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Woman, 7-months pregnant, arrested for soliciting herself and friend for threesome, says she needed money for hospital fees
Coconuts Jakarta - November 6, 2017
The mayor of Surabaya, Tri Rismaharini, has been on a similar crusade during her years in office. Her decision to close Dolly, once Indonesia's biggest red-light district, in 2014 was hailed by many in the East Java capital as a moral victory, but many women's rights advocates and public health experts say that it mainly succeeded in driving desperate sex workers further underground into more dangerous work.
It's important context to understand the story of a woman who was arrested in Surabaya last week for allegedly prostituting herself and a friend through social media. Police say they arrested the 27-year-old, identified by her initials FWS, last Monday while she and her friend were with a customer in a hotel room.
"The suspect was arrested on October 30, 2017. She was arrested because she offered a threesome sex service. When she was arrested, the victim, as well as the suspect, were naked, serving a guest in room number 302 in a hotel in South Surabaya," said Lily Djafa, head of public relations for the Surabaya Police, at a press conference last Thursday as quoted by Liputan 6.
The act of prostitution is actually in and of itself not illegal in Indonesia, but since FWS offered her friend's services as well through her Facebook account, she was charged under the 2007 Human Trafficking Law, as well as under articles of the country's Criminal Code covering coercion of others into lewd acts and profiting from a woman having sex. Under the Human Trafficking Law, she could face up a maximum penalty of 15 years in jail.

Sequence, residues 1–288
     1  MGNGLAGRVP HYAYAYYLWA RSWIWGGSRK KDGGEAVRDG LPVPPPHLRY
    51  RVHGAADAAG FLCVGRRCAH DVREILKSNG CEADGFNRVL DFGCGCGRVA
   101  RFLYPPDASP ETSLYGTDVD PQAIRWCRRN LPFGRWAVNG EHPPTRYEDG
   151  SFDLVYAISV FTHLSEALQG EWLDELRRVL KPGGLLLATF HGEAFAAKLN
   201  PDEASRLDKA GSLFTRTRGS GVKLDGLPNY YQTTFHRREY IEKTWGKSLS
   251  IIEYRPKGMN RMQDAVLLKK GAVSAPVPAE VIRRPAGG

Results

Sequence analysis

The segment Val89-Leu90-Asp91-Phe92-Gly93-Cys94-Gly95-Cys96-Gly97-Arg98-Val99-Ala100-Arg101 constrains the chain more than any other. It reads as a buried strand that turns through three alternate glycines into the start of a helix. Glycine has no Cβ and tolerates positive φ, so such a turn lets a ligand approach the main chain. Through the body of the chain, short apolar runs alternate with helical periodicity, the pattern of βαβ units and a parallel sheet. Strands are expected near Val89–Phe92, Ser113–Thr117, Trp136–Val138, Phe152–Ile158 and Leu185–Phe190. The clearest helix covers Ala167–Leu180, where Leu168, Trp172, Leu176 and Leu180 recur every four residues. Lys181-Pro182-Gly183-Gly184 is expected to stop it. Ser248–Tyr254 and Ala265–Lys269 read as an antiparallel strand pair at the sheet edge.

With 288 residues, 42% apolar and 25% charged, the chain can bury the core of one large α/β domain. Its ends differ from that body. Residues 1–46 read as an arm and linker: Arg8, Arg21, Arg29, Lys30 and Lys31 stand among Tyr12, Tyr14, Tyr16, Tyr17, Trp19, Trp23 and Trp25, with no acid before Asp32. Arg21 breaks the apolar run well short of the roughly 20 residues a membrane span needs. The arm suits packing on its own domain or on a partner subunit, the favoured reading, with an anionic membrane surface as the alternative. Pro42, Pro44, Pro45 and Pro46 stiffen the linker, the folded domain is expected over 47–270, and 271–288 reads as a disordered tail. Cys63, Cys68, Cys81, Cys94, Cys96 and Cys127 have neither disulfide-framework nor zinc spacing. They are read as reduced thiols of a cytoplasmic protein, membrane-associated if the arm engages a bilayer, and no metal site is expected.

According to police, FWS had offered up the services of herself and her friend for IDR700,000 (US$50) for two hours. She was supposed to have received IDR300,000 while her friend was to receive IDR400,000 (and yet despite making less money FWS is being charged with exploiting her friend).
Of course, the saddest aspect of the case is that FWS is 7 months pregnant. She told police and the media that the money was supposed to cover the costs of her labor at the hospital.
"I am seven months pregnant, but (when I was arrested) my husband did not know that I was working, I did this because our economic needs are very urgent," she said at the press conference while wearing a white mask to help protect her identity.
While the costs of childbirth at a hospital should theoretically be covered by Indonesia's national health insurance program (BPJS), in reality many people don't know about the program or aren't signed up for it and many hospitals have been known not to accept it despite being required to. For example, one woman with labor complications tragically saw her baby die after she was refused care by seven hospitals in Bekasi despite being enrolled in BPJS.
The crusade against prostitution is supposed to be about helping to protect vulnerable women. And yet here it seems we have is a case in which a woman who was desperate to make money to help her baby will likely face jail time for trying to help her friend earn money as well. Now her life and her child's life are likely ruined. Some moral victory.